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Daryl M.

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  • Red, White & Royal Blue

    by McQuiston, Casey

    August 19, 2019

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    Alex Claremont-Diaz is the 21-year-old First Son Of The United States (FSOTUS). He has lived in the White House with his older sister, June (FDOTUS) for the last three years, during his mother’s first term in office. He is a media darling, being continually followed, photographed and dissected by the press. He, June, and Nora, the granddaughter of the Vice President, are referred to as “The White House Trio,” three ambitious and beautiful, young people of which the press and the American public cannot get their fill.Alex is scheduled to attend the latest Royal Wedding in London, along with... Read Full Review

  • The Survival of Margaret Thomas

    by Howison, Del

    August 5, 2019

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    The Western has been an established genre of fiction for well over a hundred years. In the early to mid20th century, Western fiction grew in popularity, largely driven by similarly themed motion pictures and television programs. In the 1970s, however, the genre began to fall out of favor with the general population. Even so, there has always been an audience interested in new stories or masterful reworkings of existing tales. Indeed, there are continual rumblings of a comeback for the Western genre. All that may be necessary for this to happen is a strong story, with all of the genre... Read Full Review

  • Your Favorite Band Cannot Save You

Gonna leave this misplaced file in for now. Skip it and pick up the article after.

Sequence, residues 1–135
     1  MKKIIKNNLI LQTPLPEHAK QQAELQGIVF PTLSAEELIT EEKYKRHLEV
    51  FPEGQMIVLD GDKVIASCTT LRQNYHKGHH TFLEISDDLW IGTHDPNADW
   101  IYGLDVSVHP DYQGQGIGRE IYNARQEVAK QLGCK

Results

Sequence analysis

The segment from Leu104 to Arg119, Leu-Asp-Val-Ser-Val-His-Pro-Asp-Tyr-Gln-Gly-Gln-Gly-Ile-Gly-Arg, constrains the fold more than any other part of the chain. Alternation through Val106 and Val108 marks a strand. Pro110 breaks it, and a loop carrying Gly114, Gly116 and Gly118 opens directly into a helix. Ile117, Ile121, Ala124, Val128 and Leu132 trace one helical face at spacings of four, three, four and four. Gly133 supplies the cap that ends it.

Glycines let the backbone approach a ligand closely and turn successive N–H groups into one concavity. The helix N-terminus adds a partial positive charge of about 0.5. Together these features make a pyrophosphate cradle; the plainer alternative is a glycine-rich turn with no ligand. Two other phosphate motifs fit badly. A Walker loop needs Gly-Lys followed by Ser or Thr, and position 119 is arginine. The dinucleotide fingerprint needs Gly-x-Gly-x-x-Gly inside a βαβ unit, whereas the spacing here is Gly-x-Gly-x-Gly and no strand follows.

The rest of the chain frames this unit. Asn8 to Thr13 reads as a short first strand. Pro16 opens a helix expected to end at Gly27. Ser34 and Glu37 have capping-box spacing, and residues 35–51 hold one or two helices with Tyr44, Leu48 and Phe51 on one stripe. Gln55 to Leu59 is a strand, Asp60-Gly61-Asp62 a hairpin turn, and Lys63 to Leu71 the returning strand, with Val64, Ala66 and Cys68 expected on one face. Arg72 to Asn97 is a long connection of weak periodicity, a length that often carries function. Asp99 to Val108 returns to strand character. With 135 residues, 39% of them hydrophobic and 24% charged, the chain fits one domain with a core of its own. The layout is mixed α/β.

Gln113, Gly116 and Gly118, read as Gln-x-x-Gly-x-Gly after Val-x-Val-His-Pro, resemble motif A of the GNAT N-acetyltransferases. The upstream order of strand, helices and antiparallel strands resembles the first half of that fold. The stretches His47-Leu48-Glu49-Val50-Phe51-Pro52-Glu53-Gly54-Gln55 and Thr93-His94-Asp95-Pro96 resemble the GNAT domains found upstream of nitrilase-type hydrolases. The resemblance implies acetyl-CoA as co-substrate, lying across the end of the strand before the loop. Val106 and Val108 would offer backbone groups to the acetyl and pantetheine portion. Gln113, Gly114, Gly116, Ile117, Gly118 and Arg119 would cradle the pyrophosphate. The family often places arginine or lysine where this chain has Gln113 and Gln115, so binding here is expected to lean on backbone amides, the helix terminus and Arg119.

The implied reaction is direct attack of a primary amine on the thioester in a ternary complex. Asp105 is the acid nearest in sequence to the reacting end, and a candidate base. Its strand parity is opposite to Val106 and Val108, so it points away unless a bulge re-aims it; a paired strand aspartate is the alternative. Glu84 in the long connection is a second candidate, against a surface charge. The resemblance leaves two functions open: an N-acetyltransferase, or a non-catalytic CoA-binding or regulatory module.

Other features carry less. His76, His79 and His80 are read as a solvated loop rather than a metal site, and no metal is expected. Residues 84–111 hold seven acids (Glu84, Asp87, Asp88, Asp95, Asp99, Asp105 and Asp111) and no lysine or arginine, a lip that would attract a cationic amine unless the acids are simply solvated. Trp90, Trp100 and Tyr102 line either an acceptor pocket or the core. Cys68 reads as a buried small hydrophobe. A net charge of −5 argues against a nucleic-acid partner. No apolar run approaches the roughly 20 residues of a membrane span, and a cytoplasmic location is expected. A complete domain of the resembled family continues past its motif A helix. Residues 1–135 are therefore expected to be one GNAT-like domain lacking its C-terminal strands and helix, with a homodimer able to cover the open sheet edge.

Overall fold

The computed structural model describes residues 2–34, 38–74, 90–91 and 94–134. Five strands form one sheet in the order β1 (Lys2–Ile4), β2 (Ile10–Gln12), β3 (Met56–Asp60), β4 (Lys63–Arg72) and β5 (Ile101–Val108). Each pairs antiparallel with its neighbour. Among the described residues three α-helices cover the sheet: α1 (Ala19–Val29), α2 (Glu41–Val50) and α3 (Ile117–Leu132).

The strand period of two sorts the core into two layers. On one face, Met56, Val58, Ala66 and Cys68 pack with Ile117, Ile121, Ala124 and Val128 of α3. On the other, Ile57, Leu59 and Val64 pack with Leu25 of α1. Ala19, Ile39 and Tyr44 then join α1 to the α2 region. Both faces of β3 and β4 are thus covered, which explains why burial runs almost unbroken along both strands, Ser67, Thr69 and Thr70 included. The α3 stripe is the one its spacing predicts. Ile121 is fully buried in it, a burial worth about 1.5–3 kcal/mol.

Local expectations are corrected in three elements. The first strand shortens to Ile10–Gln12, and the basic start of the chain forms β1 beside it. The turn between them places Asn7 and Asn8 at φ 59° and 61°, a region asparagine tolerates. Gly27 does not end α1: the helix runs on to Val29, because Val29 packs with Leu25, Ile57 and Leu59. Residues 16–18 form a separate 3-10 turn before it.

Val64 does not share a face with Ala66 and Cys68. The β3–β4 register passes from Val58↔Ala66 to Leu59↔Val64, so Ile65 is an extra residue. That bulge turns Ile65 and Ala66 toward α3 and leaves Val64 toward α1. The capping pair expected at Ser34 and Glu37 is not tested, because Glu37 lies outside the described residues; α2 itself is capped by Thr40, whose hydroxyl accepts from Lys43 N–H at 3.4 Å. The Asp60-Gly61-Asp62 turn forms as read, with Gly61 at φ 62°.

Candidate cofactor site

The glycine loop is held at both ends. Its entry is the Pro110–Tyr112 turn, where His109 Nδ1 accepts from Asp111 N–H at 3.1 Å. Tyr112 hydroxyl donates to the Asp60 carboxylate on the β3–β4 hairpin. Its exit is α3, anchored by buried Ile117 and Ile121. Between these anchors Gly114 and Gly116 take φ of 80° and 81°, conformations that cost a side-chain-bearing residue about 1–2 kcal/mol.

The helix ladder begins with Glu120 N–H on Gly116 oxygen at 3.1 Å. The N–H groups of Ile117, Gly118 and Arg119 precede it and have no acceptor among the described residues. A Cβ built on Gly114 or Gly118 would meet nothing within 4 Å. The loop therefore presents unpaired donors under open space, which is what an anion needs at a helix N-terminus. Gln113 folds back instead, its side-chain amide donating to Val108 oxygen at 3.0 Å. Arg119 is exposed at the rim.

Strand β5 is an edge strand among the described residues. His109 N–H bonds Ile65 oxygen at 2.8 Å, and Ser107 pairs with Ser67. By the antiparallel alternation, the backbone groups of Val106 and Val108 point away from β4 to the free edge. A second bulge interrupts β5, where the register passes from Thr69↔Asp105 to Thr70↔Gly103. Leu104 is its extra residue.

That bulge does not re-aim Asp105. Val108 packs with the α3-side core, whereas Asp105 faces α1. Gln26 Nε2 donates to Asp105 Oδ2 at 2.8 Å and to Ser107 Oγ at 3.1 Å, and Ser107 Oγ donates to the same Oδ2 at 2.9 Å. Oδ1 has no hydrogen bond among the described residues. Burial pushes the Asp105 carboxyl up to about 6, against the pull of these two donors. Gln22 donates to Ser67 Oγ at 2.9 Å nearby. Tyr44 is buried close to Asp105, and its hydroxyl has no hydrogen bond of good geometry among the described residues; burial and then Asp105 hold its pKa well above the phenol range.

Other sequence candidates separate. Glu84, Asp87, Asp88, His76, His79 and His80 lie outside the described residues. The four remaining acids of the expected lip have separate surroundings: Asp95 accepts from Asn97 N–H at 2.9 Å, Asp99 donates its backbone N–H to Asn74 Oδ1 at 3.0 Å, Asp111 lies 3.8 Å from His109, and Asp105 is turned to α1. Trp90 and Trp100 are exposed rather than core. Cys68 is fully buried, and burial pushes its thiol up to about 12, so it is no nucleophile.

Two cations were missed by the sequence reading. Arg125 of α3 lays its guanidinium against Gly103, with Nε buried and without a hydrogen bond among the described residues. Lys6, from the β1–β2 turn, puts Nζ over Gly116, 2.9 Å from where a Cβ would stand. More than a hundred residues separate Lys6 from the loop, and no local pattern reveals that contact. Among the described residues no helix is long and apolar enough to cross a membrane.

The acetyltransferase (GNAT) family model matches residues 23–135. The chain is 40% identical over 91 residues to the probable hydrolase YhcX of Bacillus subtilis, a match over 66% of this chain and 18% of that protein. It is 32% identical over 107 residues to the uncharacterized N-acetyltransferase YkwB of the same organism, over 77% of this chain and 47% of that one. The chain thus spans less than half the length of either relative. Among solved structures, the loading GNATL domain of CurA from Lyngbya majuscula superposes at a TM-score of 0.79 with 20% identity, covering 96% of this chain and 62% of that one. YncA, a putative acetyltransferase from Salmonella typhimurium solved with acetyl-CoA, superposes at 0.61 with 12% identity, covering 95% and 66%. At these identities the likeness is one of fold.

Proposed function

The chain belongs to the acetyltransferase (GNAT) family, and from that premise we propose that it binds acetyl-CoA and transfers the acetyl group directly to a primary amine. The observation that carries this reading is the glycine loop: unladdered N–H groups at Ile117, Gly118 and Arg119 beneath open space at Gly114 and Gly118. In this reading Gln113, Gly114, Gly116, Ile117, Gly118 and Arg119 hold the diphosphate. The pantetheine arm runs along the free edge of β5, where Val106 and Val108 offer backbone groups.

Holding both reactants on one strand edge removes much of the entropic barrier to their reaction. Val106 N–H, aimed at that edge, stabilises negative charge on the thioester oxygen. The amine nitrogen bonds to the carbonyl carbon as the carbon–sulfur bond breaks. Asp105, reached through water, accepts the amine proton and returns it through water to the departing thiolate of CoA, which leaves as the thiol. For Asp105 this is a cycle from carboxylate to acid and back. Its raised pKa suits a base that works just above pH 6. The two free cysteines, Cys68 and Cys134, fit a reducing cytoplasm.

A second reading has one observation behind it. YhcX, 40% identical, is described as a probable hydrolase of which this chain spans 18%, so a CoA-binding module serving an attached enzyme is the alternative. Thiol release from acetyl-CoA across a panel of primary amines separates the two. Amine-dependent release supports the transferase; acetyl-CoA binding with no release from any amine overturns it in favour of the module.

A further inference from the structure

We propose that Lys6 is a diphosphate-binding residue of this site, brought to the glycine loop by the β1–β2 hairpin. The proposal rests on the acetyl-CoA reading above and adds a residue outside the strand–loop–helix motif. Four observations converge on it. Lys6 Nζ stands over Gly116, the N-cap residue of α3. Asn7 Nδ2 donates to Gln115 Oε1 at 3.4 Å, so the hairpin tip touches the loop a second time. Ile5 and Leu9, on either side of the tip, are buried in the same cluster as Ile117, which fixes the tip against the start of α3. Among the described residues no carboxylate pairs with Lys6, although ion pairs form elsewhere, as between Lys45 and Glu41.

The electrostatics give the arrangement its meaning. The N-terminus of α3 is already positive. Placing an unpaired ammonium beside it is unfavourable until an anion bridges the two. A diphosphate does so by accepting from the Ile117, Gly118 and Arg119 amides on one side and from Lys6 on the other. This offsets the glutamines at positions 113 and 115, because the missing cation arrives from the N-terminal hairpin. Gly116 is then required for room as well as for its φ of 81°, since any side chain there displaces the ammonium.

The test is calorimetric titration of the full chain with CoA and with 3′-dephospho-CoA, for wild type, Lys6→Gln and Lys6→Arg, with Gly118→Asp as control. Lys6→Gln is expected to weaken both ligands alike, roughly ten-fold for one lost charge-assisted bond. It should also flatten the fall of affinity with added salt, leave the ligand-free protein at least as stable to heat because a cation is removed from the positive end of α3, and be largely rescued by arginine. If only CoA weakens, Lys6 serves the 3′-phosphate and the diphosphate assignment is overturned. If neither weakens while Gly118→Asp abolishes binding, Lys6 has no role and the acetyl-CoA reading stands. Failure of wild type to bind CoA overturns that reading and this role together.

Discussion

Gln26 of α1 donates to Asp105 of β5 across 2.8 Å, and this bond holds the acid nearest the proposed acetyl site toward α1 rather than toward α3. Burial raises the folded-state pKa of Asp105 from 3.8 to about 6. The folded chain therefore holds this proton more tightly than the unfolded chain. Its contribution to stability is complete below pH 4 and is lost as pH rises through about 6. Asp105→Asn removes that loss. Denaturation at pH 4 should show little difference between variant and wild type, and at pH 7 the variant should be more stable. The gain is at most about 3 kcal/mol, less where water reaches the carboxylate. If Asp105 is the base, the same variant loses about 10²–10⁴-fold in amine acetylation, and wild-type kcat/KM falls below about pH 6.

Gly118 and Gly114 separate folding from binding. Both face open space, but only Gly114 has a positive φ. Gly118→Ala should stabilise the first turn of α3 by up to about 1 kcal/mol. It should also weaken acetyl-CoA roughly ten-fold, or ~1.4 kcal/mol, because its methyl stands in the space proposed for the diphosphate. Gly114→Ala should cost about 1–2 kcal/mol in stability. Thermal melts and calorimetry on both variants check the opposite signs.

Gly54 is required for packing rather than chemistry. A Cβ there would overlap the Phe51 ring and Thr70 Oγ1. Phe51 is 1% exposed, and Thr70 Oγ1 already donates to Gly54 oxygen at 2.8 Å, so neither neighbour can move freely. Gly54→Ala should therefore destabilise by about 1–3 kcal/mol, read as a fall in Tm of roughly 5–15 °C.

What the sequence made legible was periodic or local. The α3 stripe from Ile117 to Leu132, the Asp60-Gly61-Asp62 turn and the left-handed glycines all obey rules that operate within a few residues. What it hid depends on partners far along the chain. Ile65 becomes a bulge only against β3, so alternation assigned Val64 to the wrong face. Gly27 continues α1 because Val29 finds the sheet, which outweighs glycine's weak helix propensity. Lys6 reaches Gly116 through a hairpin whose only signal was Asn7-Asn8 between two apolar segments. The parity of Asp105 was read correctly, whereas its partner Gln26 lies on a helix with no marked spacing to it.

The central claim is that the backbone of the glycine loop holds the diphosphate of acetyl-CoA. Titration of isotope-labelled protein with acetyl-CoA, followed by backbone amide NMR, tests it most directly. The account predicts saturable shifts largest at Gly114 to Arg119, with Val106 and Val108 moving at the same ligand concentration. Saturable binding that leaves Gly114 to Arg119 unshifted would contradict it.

by Moore, Scotto

    July 15, 2019

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    It’s happened to all of us. You hear a song and it instantly raises your spirits. Or, you hear a different song and it instantly makes you feel melancholy. Some music makes you want to move, while other music makes you want to relax and be still. Something reminds you of a song and then it is repeatedly playing in your head all day long. Music elicits reactions, whether wanted or unwanted. But what if music were used, intentionally, for questionable purposes? This is the intriguing question explored by Scotto Moore in Your Favorite Band Cannot Save You.A long-time music blogger... Read Full Review

  • Middlegame

    by McGuire, Seanan

    July 1, 2019

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    Roger Middleton is a rather typical seven-year-old boy. He lives with his adopted parents in Cambridge, Massachusetts. He seems to be exceptionally gifted when it comes to grammar, spelling, anything to do with languages, really. But he struggles with even the most basic levels of mathematics.Dodger Cheswich is not a typical seven-year-old girl. She lives with her parents in Palo Alto, California and she is a mathematical genius. She appears to be able to comprehend and master increasingly complex levels of equations far beyond her limited number of years. But she doesn’t deal well with... Read Full Review